Top ICE lawyer Tony Pham to take over leading agency

Top ICE lawyer Tony Pham to take over leading agency
© OLIVIER DOULIERY/AFP via Getty Images

The top Immigration and Customs Enforcement (ICE) lawyer Tony Pham will take over to lead the agency, officials announced on Tuesday.

Pham has served as ICE’s principal legal adviser and now will replace acting ICE Director Matthew Albence. Pham, who entered the U.S. as a refugee from Saigon in 1975, will work as the senior official performing the duties of the director, an ICE spokesman told The Hill on Wednesday. 

“As a seasoned leader with DHS Tony will ensure ICE continues to safeguard our country's borders from crime and illegal immigration," the spokesman said in a statement. 

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The Washington Examiner first reported Pham will lead ICE on Tuesday.

Pham’s promotion comes amid an array of staff changes within the Department of Homeland Security (DHS), including President TrumpDonald TrumpBaldwin calls Trump criticism following 'Rust' shooting 'surreal' Haley hits the stump in South Carolina Mary Trump files to dismiss Trump's lawsuit over NYT tax story MORE’s Tuesday announcement that he was nominating acting Homeland Security Secretary Chad WolfChad WolfAfter a year of blatant ethics violations, Congress must reform corruption laws Jan. 6 committee subpoenas Stephen Miller, Kayleigh McEnany Watchdog cites 13 Trump officials who violated Hatch Act before 2020 election MORE to become a permanent secretary. Wolf had served in an acting position for 10 months.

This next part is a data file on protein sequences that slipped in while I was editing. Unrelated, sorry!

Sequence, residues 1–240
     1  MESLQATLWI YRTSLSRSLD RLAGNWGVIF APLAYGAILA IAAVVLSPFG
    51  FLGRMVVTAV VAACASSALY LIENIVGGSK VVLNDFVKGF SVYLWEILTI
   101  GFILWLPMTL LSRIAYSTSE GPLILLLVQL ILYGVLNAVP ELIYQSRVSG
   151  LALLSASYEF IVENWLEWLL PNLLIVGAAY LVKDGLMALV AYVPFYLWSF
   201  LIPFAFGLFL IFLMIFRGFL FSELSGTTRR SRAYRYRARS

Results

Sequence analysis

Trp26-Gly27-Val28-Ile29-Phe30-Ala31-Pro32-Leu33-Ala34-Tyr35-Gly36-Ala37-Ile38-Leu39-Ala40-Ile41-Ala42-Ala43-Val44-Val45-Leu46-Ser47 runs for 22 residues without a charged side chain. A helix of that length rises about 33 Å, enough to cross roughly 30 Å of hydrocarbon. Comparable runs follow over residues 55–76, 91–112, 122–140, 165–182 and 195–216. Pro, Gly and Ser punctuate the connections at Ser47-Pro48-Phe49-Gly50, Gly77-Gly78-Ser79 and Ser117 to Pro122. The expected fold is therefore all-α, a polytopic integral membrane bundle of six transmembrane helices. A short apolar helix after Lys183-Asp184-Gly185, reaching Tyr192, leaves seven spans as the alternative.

DHS’s three immigration agencies have consistently been led by people in an acting position during Trump’s presidency, CNN reported

A senior Homeland Security official told CNN that Pham is "very much aligned with the current administration.” 

Pham joined ICE in January after previously working as the superintendent of the Virginia Peninsula Regional Jail and as a special assistant U.S. attorney, according to his bio.

He becomes the leader of the agency as ICE handles fewer immigrants in its custody than last year and faces criticism for its handling of COVID-19 within detention centers. 

Updated on Aug. 26 at 9:15 a.m.